The problem this poses for the geometer is this. Either (a) equality in geometry is imprecise; or (b) it is precise. If (b), then geometrical equality is useless in practice (we can never know that a case exists) and depends on the controversial notion that lines are really and actually composed of infinitely divisible points, which Hume (and most of the geometers he would have known) thinks simply absurd. The standard they actually use, Hume thinks, is the imprecise one; but if we accept this view, many of the inferences made b geometers are ill-founded, since they assume a precision far beyond what the imagination and senses can yield. Thus, says, Hume, this shows that a geometrical demonstration of the infinite divisibility of a line is impossible.

One of the reasons I find this an interesting discussion is that in 1.4.2 he appeals to the same mechanism by which he explains how we come up with an exact standard of equality to explain how we come up with an idea of body continuing independently of our perceiving it. I presented a paper before the Hume Society a few years ago on this topic; my views have changed a bit, but I still think it's a key issue in understanding what Hume's theory of the external world really is.

History Carnival XXI

The Twenty-first History Carnival is up at CLEWS: The Historical Crime Blog. Enjoy!

Invisible Ideal Reasons

An interesting passage from Aquinas's Commentary on Hebrews(PDF) (par. 565). Aquinas is commenting on Hebrews 11:3 ("By faith we understand that the world was created by the word of God, so that what is seen was made out of things which do not appear").

He continues, that from invisible things visible things might be made. But because the common notion among the ancients was that the soul was produced from nothing (2 Physics), when they saw a new work, they said that it was made from invisible things. Hence, they either supposed that everything was in everything else, as Empedocles and Anaxagoras, of whom we shall say nothing at present; or thought that forms were in hiding, as Anaxagoras. Still others supposed that they were formed from ideas, as Plato; and others from a mind, as Avicenna. Hence, according to all these philosophers, visible things were made from invisible ideal reasons. But we say, according to the aforesaid manner, that visible things were produced from invisible ideal reasons in the Word of God, by Whom all things were made. These reasons, even thought they are the same reality, differ in aspect by diverse relations connoted in respect to the creature. Hence, man was created by one reason, and a horse by another reason, as Augustine says in the Book of 83 Questions. Thus, therefore, the world was framed by the word of God, that from invisible ideal reasons in the World of God, visible things, i.e., every creature, might be made.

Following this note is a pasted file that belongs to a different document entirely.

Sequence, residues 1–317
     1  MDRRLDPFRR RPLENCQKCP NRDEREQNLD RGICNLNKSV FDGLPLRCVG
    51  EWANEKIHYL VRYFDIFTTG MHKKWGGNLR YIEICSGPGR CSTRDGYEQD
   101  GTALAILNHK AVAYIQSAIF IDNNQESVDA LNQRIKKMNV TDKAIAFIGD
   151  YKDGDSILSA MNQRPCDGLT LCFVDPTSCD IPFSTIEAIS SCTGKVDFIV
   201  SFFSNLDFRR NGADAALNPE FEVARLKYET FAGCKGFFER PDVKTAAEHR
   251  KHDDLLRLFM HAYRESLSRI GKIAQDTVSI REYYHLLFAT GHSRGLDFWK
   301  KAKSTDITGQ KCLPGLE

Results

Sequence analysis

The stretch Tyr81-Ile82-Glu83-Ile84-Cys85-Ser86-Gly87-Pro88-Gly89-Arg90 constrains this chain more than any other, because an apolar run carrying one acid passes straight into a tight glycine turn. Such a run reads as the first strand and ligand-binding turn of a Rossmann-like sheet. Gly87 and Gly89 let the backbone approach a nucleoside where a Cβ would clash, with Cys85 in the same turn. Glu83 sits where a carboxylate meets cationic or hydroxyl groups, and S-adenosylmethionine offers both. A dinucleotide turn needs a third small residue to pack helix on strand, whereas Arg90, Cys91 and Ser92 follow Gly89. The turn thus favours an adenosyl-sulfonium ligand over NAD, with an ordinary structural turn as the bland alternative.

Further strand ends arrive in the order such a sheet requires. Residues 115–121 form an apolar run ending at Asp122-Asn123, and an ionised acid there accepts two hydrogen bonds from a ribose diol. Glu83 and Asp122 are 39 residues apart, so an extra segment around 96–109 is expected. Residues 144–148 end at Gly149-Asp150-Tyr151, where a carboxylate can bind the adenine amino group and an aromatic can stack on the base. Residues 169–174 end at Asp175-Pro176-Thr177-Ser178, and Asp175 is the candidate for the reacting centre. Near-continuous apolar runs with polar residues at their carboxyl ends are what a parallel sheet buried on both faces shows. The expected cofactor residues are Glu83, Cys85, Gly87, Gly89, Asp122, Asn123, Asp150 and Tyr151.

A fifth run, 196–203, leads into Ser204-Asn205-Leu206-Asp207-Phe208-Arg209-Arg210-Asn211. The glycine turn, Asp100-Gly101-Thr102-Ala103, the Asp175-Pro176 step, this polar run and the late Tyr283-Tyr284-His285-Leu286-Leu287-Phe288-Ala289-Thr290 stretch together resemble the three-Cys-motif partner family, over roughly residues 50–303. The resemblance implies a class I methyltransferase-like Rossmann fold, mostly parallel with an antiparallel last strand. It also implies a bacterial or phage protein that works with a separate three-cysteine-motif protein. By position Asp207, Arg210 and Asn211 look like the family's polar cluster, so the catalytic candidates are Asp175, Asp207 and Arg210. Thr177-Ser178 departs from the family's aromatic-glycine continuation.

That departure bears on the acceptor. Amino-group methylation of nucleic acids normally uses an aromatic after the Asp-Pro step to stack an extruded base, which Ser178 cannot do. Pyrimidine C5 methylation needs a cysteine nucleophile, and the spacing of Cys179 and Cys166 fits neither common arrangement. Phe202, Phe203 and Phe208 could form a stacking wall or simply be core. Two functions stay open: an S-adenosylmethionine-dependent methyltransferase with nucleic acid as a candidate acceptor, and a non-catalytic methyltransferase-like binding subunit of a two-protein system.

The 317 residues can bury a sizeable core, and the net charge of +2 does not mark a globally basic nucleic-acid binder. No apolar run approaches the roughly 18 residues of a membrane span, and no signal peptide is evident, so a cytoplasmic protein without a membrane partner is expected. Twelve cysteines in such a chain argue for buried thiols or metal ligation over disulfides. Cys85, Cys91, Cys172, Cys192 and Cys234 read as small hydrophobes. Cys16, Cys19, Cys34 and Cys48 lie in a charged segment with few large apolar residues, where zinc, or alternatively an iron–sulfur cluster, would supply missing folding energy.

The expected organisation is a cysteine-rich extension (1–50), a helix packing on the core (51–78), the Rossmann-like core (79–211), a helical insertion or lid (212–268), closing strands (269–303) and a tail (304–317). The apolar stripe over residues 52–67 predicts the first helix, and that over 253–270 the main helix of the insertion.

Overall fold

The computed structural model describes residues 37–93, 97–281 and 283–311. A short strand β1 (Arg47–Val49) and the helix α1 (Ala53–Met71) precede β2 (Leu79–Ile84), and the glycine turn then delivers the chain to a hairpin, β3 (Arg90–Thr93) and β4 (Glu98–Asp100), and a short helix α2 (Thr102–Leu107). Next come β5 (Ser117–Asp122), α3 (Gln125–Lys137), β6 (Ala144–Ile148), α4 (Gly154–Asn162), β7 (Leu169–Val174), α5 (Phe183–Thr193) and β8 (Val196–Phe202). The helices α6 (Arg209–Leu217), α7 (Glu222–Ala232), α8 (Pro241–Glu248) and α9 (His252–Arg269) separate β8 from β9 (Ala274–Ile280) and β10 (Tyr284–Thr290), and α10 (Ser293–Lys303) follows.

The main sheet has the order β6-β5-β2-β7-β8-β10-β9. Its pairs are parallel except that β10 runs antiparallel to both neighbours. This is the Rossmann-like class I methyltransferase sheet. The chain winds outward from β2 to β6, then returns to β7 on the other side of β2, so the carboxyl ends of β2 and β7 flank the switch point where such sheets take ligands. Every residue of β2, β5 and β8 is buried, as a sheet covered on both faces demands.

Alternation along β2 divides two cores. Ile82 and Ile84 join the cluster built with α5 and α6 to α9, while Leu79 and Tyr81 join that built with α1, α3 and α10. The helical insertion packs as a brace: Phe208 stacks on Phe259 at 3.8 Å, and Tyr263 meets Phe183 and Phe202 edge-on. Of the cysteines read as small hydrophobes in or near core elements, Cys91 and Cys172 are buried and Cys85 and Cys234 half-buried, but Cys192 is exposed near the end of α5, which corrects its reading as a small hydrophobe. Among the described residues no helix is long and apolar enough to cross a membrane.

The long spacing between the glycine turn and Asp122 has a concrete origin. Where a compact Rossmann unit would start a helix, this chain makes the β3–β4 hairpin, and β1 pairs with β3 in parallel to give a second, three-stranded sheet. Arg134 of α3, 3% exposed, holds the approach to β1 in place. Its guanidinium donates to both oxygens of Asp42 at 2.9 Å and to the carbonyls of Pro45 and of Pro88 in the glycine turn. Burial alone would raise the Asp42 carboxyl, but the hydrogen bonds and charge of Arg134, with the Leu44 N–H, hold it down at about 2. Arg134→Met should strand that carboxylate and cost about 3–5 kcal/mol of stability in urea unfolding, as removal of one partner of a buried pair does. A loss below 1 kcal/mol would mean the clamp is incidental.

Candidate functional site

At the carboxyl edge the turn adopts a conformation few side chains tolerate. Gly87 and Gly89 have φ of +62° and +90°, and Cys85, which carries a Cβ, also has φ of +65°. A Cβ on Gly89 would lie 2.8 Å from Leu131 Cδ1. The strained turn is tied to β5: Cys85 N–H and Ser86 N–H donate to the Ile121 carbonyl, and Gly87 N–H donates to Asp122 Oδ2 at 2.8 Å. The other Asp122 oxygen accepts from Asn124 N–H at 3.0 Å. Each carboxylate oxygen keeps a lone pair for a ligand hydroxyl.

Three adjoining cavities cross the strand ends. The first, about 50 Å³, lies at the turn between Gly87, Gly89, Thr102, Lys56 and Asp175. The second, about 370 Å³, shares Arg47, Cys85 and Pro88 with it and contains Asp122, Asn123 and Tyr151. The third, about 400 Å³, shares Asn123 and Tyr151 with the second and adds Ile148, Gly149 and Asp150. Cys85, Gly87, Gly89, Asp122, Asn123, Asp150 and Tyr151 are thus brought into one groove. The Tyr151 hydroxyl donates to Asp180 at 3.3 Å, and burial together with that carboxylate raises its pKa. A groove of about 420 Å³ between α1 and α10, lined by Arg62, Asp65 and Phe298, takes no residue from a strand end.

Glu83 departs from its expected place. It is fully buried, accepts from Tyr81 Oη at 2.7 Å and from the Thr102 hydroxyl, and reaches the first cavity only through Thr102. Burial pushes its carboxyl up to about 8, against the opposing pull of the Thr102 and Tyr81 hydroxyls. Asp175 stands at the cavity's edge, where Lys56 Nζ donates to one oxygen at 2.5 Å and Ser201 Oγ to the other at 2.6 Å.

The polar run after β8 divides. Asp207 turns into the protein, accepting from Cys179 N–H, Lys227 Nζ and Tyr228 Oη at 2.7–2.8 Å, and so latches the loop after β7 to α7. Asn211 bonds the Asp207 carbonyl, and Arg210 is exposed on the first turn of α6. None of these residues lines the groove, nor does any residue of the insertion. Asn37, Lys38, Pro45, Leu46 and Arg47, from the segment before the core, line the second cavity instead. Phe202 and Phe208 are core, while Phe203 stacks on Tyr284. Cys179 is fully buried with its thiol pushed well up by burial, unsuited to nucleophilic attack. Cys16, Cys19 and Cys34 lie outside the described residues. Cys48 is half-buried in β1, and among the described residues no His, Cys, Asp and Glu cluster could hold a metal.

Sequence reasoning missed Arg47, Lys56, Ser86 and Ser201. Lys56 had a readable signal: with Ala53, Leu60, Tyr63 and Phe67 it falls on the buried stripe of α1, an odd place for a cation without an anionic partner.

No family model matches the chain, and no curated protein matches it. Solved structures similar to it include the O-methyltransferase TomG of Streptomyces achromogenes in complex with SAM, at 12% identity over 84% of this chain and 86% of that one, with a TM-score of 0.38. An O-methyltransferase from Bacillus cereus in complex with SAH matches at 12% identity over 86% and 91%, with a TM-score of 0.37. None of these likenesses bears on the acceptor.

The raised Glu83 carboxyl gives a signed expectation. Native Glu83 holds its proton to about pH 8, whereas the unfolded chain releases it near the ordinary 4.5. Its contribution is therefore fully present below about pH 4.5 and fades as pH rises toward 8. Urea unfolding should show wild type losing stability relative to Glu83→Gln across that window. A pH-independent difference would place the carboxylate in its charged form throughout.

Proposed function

Wednesday, November 30, 2005

Racism in Modern Philosophy